PISA shows how important positive approaches to learning are for successful and lifelong learning. As argued above, they give rise to concern that many countries are not well prepared for the knowledge to ask the question, if the traditional way of learning in many countries, is adequate for the 21st century world.


The Generation Text School Culture curriculum provides over 50 modules that present everyday problems that young people face. The focus of these modules is for learners to apply their own abilities to look at an everyday problem from a perspective they hadn’t understood before. These modules give the learner the opportunity to activate the knowledge and call upon the learning experiences they faced in the foundation building of the Generation Text program. In the foundation of the framework, students are presented with a learning approach that has specific objectives and a thinking process that directs them towards self-assessment. The learning approach allows them to experience small successes, viewing those successes as an educational outcome. The Generation Text Framework learning approach builds their confidence in the students own abilities and provides opportunities for learners to adjust their learning strategies as necessary and to overcome difficulties in learning. By providing students learning through the Generation Text Framework these learners are prepared for learning even after they leave school. This approach confirms the research by Programme for International Student Assessment, providing an opportunity for successful and lifelong learning and the ability for students to be resilient in a 21st Century world.

These Generation Text modules take a technological approach to learning by using media and technology to present the conflict, the issue or the problem. This learning approach is relatable to the learner and the module allows them to practice different strategies to achieve their desired outcome. The strategies empower the learner to solve issues they once were not able to solve. This success builds motivation for learning, confirming the research presented by the Programme for International Student Assessment.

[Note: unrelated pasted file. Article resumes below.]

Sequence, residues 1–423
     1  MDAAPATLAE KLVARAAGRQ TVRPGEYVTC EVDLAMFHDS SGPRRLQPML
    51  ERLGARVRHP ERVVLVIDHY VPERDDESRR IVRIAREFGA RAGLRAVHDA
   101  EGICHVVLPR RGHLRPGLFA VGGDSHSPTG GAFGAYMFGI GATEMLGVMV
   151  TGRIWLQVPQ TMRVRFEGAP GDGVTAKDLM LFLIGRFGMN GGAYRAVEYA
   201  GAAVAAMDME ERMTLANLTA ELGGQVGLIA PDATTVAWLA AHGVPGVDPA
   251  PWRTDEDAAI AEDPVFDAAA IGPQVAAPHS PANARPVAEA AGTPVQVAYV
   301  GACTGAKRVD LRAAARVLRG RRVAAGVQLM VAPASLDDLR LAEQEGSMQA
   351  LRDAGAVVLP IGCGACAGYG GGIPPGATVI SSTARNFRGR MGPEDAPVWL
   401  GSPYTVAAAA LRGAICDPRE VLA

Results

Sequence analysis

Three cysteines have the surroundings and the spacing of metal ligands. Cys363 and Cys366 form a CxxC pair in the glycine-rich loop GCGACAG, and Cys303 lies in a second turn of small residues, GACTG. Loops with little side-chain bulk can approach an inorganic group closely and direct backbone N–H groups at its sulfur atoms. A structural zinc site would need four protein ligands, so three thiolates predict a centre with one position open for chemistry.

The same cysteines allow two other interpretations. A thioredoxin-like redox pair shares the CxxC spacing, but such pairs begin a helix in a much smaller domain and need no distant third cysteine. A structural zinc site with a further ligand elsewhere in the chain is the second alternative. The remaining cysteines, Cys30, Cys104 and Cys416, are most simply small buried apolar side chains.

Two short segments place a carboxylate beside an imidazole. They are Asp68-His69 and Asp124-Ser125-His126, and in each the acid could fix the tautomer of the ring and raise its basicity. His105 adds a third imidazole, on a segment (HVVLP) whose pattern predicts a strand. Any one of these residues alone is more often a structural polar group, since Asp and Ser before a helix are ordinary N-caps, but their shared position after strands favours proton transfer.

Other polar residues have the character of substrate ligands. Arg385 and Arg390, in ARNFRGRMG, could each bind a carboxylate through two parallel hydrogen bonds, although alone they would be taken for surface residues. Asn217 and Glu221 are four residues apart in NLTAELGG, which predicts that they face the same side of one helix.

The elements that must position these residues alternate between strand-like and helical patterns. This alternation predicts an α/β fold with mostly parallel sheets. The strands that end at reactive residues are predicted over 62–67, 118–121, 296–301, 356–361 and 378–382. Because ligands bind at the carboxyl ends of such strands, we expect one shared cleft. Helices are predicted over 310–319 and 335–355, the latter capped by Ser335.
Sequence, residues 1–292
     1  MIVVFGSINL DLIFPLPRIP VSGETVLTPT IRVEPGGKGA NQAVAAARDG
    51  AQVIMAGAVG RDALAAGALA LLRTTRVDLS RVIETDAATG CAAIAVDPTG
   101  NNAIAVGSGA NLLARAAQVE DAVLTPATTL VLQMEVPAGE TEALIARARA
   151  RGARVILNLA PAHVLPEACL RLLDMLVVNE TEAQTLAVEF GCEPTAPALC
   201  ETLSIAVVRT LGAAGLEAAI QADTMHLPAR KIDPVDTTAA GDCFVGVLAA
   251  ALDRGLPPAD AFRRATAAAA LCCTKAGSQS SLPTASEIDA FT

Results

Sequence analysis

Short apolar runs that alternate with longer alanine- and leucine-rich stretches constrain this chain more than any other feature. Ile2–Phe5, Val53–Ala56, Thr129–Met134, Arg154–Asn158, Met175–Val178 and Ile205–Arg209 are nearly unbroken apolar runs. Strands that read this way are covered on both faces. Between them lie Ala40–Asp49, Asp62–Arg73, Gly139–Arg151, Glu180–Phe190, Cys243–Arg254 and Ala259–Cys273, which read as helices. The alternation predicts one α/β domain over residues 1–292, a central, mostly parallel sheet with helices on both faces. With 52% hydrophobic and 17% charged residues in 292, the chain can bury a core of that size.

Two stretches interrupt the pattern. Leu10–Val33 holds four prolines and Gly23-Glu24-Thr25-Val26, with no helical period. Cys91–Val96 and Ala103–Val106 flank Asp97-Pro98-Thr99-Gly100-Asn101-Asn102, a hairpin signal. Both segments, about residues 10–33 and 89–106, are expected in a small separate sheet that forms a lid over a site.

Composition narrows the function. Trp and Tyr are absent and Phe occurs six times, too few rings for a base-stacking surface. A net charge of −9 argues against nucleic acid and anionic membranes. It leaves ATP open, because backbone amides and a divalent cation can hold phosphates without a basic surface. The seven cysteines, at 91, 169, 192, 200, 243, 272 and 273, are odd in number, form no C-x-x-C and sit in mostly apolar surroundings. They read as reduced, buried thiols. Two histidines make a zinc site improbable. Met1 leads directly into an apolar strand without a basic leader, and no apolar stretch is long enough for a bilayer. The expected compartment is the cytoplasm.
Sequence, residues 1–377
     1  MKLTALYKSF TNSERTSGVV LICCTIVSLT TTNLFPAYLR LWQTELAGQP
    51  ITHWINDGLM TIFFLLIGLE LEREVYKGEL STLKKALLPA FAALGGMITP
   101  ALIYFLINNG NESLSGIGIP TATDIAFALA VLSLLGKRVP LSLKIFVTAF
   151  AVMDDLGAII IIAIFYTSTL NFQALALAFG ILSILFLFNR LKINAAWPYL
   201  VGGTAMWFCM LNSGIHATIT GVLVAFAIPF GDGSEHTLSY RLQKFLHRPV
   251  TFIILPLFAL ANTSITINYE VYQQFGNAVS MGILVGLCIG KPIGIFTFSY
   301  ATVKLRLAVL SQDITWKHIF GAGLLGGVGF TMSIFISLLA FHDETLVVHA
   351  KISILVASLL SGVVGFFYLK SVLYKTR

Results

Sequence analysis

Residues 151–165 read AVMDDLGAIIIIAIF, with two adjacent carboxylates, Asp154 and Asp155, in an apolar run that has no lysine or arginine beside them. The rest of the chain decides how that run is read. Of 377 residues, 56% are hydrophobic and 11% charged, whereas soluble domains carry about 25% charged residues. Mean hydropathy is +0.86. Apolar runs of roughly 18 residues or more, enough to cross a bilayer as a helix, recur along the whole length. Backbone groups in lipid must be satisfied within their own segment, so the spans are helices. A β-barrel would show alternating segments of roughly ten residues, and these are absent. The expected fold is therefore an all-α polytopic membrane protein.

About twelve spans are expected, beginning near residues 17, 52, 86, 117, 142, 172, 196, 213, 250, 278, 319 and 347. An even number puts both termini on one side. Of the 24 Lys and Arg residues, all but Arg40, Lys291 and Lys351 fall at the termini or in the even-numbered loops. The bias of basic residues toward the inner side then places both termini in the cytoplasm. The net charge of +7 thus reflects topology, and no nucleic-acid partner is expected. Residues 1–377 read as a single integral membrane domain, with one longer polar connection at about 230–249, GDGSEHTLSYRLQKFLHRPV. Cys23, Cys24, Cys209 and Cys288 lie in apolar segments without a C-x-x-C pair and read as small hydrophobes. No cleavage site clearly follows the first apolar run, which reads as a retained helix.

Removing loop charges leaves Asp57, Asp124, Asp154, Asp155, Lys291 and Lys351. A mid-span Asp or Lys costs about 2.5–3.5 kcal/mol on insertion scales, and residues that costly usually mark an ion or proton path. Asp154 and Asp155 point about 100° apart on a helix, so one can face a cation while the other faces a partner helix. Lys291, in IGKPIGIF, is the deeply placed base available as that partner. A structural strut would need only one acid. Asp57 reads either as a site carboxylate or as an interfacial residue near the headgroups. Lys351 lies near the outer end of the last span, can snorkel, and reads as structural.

Dr. William Glasser and the William Glasser Institute


Glasser was the developer of Reality Therapy and Choice Theory. Choice theory focuses on personal choice, personal responsibility and personal transformation, are considered controversial by mainstream psychiatrists, who focus instead on classifying psychiatric syndromes as illnesses, and who often prescribe psychotropic medications to treat mental disorders.

Glasser was also notable for applying his theories to broader social issues, such as education, management, and marriage, to name a few. Glasser notably deviated from conventional psychiatrists by warning the general public about the potential detriments caused by the profession of psychiatry in its traditional form because of the common goal to diagnose a patient with a mental illness and prescribe medications to treat the particular illness when, in fact, the patient may simply be acting out of unhappiness, not a brain disorder. Glasser advocated the consideration of mental health as a public health issue.

The Ten Axioms of Choice Theory

  1. The only person whose behavior we can control is our own.
  2. All we can give another person is information.
  3. All long-lasting psychological problems are relationship problems.
  4. The problem relationship is always part of our present life.